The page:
A Detailer is responsible for completing all vehicle clean-ups prior to a client taking ownership of their new vehicle. This includes both a full interior and exterior cleaning. 

Many dealerships also offer full detailing packages for customers who wish to have their vehicle cleaned and polished following maintenance and service.

A Detailer can come from any educational background if they are detail oriented and have an aptitude for thoroughness.

In Ontario, an Automotive Detailing Certificate is available at Centennial College in Toronto. 

 

MANAGEMENT AND ADMINISTRATION 

Fixed Operations Manager

In larger dealerships, the Fixed Operations Manager will oversee all operations of the Service Department, including service, parts, and auto body. The Fixed Operations Manager will be the direct report of all of these specific managers.

Service Manager

A Service Manager oversees all operations within a dealership’s service department. The Service Manager reports on service advisors, technicians, appointment coordinators, staff involved in lube & oil, and service bay cleaning.

Both Service Managers and Fixed Operations Managers can come from any education background. Individuals assigned to these roles have usually worked in the service area for a number of years and have demonstrated their ability to effectively manage time and staff. 

General Manager

Within the automotive industry, there are several titles associated with “General Manager.” Depending on the size and scope of the dealership, the General Manager may be the individual who oversees all areas of the business and reports directly to the Dealer Principal. In other dealerships, the General Manager may also be the Dealer Principal.

As with many management roles, the ideal candidate can come from any education background if they possess the correct skillset and aptitude for management - of both people and products. A General Manager may also gain their position by working within various areas of the dealership and working their way up in the business.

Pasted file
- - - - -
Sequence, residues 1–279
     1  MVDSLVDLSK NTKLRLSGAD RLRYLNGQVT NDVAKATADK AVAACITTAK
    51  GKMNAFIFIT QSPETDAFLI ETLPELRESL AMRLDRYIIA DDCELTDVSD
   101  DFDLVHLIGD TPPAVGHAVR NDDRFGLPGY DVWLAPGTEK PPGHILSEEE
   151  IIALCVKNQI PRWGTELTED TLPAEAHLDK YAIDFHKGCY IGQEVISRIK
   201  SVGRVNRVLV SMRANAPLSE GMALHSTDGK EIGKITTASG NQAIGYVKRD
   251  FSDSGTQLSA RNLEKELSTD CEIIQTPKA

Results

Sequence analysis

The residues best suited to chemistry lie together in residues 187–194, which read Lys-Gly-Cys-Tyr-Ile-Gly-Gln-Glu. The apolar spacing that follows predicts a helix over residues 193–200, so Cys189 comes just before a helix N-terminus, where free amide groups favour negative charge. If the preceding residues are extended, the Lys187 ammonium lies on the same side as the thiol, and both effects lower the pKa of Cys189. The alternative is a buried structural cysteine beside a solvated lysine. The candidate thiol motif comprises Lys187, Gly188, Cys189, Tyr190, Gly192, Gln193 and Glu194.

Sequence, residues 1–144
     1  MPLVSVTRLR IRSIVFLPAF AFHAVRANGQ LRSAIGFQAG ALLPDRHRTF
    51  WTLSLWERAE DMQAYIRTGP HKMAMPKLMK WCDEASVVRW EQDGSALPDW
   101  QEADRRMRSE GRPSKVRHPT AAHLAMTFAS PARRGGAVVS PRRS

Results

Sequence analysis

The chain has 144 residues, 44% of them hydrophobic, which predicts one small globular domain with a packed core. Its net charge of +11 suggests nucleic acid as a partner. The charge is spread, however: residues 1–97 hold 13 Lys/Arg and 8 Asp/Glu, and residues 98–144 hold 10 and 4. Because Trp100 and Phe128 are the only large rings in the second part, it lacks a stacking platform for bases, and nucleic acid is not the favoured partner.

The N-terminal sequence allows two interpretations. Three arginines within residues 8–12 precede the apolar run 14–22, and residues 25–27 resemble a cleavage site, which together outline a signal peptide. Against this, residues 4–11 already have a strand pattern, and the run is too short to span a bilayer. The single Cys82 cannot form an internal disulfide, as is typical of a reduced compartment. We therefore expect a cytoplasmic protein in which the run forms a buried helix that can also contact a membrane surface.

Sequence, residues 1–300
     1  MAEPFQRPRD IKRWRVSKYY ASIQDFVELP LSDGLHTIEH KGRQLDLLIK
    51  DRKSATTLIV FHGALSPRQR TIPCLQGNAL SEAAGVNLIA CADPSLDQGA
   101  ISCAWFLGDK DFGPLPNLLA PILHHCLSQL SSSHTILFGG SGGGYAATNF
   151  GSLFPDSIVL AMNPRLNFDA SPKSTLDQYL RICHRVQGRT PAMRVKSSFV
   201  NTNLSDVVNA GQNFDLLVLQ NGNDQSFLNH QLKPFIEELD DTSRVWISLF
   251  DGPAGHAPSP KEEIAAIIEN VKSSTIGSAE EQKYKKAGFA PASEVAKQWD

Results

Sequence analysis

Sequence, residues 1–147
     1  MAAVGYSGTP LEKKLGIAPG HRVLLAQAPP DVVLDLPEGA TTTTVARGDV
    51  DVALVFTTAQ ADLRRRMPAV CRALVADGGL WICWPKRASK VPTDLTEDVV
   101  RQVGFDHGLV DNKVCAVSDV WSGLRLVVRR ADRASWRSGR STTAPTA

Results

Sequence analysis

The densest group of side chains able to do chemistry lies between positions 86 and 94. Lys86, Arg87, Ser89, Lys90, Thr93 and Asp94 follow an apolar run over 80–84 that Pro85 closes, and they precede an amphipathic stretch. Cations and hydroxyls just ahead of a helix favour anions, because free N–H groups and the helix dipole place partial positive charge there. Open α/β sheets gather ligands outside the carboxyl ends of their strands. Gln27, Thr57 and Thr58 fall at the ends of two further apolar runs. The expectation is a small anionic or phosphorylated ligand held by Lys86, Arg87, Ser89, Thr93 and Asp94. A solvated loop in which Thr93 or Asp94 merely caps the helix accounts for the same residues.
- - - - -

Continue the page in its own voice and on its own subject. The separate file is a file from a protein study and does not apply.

For those specifically interested in a career as an automotive dealership Manager, check out the Automotive Business School of Canada in Barrie.

Controller

A Controller is a member of the dealership’s senior management team and will most commonly hold a university degree and a Chartered Accountant or Certified General Accountant designation. 

The Controller oversees the entire financial scope of the dealership, from budgeting and financing to taxation and investment management.

Finance & Insurance Manager (F&I)

The F&I Manager plays an integral role within the dealership, arranging for suitable financing, insurance, warranties, protection packages, and purchase agreements for customers. The role is often also referred to as a Business Manager.

Office Manager

As in every office setting with complex operations, an Office Manager is required to ensure smooth operation on a day-to-day basis. Office Managers from any industry will find that their skillset transfers perfectly to the Automotive Retail environment.

Additional Administrative roles within a dealership setting include Business Development Team Members, Accounts Payable, Marketing Managers and Team Members, Receptionists/Greeters, and Product Specialists.

Individuals from a variety of educational background can fill these roles. Candidates typically possess applicable university degrees or college diplomas and display a love for the automotive industry.


For questions on colleges, programs or careers in the auto industry, please contact us at any time.